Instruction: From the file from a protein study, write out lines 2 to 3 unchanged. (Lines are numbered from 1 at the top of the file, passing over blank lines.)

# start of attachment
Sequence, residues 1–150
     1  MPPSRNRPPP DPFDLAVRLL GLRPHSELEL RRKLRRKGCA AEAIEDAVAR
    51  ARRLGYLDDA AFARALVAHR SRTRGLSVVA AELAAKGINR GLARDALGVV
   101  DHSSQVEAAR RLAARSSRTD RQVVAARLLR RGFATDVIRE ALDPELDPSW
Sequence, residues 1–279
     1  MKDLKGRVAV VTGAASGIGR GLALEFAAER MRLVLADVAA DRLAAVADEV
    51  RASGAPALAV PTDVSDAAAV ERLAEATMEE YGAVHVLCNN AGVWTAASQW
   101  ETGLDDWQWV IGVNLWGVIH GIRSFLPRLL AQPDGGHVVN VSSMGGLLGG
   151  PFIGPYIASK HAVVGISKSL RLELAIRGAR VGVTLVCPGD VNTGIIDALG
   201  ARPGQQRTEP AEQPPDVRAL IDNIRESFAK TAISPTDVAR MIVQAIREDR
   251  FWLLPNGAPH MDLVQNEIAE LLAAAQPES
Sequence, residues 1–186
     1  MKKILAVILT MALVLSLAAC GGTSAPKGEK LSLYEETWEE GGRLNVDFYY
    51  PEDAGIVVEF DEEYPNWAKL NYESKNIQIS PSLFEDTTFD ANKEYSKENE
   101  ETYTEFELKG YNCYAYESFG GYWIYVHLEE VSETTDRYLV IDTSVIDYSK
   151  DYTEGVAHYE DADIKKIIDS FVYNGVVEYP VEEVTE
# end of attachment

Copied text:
     1  MPPSRNRPPP DPFDLAVRLL GLRPHSELEL RRKLRRKGCA AEAIEDAVAR
    51  ARRLGYLDDA AFARALVAHR SRTRGLSVVA AELAAKGINR GLARDALGVV